Let us treat young offenders before they offend

Taken from a speech given by Sarah Curtis, the juvenile and youth court magistrate at the Strategies to Defeat Crime Conference

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Effective programmes for young offenders are based on improving the understanding of young people about the consequences of their behaviour and on giving them practical skills. Young offenders and those at risk of offending must be brought back into the mainstream, whether it is through education, training, employment or a mix of these.

Effective programmes for young offenders are based on improving the understanding of young people about the consequences of their behaviour and on giving them practical skills. Young offenders and those at risk of offending must be brought back into the mainstream, whether it is through education, training, employment or a mix of these.

As far as the small number of most persistent offenders are concerned, general counselling, family counselling and psycho-dynamic therapy may be helpful to young people as individuals, but such counselling does not directly address the issue of anti-social behaviour.

Indeed, putting young offenders into groups which have no clear purpose to address offending behaviour may in fact reinforce their bad behaviour by throwing them together indiscriminately with other delinquents. (Contagion, of course, is one of the sound arguments against imprisoning all but the few young offenders who are violent).

Punishment, however, is important, not just to reassure public opinion but because, if understood and accepted as fair, it enables the young person to move forward. But it has to be understood and accepted, and programmes that only give punishment tend to harden attitudes.

There is at present a contradiction between what politicians and the public say about young offenders and what they say about offenders' parents. On the one hand, it is argued that young people from the age of 10 know the difference between right and wrong and are responsible for their own actions. On the other hand, it is said that parents should exercise control over their children, suggesting that children who offend may be the victims of a lax or deficient upbringing.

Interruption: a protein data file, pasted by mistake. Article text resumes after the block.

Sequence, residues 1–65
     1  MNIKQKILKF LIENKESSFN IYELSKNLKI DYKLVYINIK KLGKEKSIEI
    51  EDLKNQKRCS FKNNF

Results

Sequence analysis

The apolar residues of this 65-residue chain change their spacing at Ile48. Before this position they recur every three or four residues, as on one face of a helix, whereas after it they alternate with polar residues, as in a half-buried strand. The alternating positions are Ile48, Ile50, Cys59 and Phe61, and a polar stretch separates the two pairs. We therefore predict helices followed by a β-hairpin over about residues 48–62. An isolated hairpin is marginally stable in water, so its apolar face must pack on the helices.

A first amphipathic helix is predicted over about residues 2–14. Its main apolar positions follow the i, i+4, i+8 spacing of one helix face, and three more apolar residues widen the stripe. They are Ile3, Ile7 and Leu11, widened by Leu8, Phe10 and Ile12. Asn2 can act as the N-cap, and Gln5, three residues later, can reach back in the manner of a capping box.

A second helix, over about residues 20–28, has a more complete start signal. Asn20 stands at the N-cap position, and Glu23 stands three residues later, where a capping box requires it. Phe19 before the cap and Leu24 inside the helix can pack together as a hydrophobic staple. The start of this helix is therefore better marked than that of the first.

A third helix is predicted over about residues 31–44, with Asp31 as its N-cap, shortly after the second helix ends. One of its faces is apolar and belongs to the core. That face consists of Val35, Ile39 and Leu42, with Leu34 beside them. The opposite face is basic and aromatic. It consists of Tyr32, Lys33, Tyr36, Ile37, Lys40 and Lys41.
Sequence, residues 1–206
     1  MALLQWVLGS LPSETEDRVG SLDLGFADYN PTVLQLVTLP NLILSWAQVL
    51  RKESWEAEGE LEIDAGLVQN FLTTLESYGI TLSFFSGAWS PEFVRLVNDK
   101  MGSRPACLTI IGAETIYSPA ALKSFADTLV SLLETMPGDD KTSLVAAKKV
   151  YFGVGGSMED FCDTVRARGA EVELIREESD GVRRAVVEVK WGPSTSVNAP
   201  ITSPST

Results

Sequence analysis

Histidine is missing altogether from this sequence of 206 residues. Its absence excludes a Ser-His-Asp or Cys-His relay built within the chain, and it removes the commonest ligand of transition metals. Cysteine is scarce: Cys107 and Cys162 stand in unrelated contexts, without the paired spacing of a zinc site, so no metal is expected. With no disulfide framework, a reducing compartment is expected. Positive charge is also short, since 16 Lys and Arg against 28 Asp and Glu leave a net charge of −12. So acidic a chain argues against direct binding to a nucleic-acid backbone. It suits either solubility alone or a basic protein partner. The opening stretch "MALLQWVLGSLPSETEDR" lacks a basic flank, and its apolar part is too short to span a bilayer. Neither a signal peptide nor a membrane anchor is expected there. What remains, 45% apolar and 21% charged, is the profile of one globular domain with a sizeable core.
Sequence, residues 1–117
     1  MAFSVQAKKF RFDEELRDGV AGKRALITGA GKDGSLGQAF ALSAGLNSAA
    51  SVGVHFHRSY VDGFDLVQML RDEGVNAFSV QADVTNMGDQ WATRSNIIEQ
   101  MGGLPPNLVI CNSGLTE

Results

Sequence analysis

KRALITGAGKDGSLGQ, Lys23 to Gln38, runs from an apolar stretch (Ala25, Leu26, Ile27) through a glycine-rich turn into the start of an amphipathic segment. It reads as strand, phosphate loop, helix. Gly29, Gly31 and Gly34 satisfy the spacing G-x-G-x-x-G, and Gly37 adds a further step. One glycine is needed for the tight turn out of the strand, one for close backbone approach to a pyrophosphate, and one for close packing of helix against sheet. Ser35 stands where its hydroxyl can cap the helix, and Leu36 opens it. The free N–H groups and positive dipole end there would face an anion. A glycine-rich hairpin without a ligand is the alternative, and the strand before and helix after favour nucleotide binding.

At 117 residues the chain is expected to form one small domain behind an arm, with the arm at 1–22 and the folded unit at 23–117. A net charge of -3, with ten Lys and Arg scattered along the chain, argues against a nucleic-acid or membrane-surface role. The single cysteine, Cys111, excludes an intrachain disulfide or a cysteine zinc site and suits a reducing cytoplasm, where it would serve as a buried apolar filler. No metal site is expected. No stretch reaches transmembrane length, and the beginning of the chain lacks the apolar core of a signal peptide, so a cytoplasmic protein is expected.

There is confusion at the moment between the two sets of expectation. Do we want children to take responsibility for their own actions or do we hold their parents responsible? Suffice it to say that these parents do need help in controlling their children and nearly all of them will accept it voluntarily without a compulsory parenting order, but they need support for longer than the three months of a parenting order.

If we were to abandon what I call "the defeatist fallacy", that nothing can be done about youth crime, what more should this and any government do? Any government must face the fact that providing compensatory education and suitable support and training in the community for everyone costs more money than is now being given. There is quite a lot of "start-up" money available now, but what is needed is "carry-on" money.

It would be more effective, and cheaper, to spend the money we have at an early stage, for example on giving individual support to potentially disruptive primary schoolchildren, than to imprison 12- to 14-year-olds.

Finally, it's a question of changing the rhetoric. I sympathise greatly with the wish for there to be a quick end to juvenile offending, but there really are no quick solutions. It takes years to learn to be a responsible citizen. "Three strikes and you're out" is the stupidest policy possible for reforming young people. The most cursory study of the way children develop should tell our politicians that they don't change overnight.

Politicians, instead of fuelling the understandable anxieties of the public, should publicise their long-term strategy as well as short-term responses, and should explain how complicated any solutions are.

Politicians should take the lead in changing the public perception of what works to stop young people offending. They should explain that only long-term measures will get to the root of offending and prevent it.

It may seem difficult to prevail over the tabloid view of life, but I think people will respond to a hopeful message. I do believe they would be willing to support a realistic and humane way to build a safer society.

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